Research Overview - Dual Regression
A common need for analyses such as ICA for resting-state FMRI is to run a group-average ICA, and then, for each subject, estimate a "version" of each of the group-level spatial maps. Currently, the best way to do this is to use dual regression. This:
- Regresses the group-spatial-maps into each subject's 4D dataset to give a set of timecourses (stage 1)
- Regresses those timecourses into the same 4D dataset to get a subject-specific set of spatial maps (stage 2)
It is then common to compare the spatial maps across groups of subjects to look for group differences, ideally using randomise permutation testing.
If you use dual regression in your research, please make sure that you reference at least one of the articles listed below. For your convenience, we provide example text, which you are welcome to use in your methods description.
"The set of spatial maps from the group-average analysis was used to generate subject-specific versions of the spatial maps, and associated timeseries, using dual regression [Beckmann09,Filippini09]. First, for each subject, the group-average set of spatial maps is regressed (as spatial regressors in a multiple regression) into the subject's 4D space-time dataset. This results in a set of subject-specific timeseries, one per group-level spatial map. Next, those timeseries are regressed (as temporal regressors, again in a multiple regression) into the same 4D dataset, resulting in a set of subject-specific spatial maps, one per group-level spatial map. We then tested for [group differences, etc.] using FSL's randomise permutation-testing tool."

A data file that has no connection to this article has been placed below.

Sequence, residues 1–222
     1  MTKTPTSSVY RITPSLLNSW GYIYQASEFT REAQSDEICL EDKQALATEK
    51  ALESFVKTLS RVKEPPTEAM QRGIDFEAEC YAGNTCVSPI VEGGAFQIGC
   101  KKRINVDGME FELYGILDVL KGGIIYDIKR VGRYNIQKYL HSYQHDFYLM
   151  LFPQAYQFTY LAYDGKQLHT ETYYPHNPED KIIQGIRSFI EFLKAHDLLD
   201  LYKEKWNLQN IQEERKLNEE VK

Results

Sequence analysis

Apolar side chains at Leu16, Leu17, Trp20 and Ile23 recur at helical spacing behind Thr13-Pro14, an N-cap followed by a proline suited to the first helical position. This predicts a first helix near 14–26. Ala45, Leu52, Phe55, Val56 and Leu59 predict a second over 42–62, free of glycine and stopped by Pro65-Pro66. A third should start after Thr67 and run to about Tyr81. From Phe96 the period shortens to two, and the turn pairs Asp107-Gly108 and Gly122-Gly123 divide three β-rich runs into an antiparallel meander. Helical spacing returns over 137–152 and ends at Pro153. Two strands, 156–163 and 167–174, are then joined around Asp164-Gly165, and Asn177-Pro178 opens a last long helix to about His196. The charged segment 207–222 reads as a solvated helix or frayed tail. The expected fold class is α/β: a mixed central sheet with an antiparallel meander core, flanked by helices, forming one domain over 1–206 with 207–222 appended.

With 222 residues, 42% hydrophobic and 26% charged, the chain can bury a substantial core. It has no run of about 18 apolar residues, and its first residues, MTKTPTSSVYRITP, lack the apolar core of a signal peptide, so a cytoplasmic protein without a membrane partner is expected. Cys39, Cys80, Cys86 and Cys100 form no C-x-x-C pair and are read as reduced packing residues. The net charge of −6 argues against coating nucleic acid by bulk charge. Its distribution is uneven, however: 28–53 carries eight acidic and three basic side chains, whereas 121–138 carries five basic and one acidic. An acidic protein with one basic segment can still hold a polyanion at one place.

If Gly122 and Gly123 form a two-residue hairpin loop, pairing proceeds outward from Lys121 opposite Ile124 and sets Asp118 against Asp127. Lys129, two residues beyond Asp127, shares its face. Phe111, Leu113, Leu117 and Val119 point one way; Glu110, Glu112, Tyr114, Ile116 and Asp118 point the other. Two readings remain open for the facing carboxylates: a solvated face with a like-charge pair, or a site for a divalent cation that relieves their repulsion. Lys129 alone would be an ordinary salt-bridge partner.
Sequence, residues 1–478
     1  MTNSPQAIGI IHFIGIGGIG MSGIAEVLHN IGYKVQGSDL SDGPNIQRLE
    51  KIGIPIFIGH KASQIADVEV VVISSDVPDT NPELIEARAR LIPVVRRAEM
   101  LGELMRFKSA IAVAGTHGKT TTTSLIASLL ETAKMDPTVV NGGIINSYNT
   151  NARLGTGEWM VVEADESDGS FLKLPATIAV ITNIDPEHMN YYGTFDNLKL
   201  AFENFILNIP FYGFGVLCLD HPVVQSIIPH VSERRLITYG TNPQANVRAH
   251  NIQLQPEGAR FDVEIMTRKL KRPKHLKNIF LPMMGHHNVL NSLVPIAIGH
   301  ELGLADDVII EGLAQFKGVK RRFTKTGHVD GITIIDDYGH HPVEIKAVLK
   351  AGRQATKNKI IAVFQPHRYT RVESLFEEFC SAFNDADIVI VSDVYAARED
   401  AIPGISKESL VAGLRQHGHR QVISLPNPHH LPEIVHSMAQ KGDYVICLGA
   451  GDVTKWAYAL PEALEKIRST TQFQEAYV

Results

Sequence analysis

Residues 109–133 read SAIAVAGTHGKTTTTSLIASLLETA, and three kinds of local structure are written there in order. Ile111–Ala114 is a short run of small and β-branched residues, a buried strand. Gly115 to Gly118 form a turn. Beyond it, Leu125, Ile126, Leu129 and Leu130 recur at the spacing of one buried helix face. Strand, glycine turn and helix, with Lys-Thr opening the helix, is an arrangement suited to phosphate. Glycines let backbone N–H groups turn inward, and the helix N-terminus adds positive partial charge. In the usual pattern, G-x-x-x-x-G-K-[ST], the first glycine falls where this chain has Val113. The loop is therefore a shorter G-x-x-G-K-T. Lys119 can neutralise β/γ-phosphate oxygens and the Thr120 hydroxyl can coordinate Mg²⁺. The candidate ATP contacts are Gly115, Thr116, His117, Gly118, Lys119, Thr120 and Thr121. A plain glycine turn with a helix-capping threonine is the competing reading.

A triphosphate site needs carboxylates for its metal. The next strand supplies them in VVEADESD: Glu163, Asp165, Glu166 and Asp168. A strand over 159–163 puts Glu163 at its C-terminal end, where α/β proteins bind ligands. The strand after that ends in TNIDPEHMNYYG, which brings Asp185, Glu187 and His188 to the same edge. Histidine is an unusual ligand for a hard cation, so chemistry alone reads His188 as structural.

[Nickerson 2017] L. Nickerson, S.M. Smith, D. Öngür, C.F. Beckmann. Using Dual Regression to Investigate Network Shape and Amplitude in Functional Connectivity Analyses. Front Neurosci. 2017; 11: 115. doi: 10.3389/fnins.2017.00115
[Beckmann 2009] C.F. Beckmann, C.E. Mackay, N. Filippini, and S.M. Smith. Group comparison of resting-state FMRI data using multi-subject ICA and dual regression. OHBM, 2009.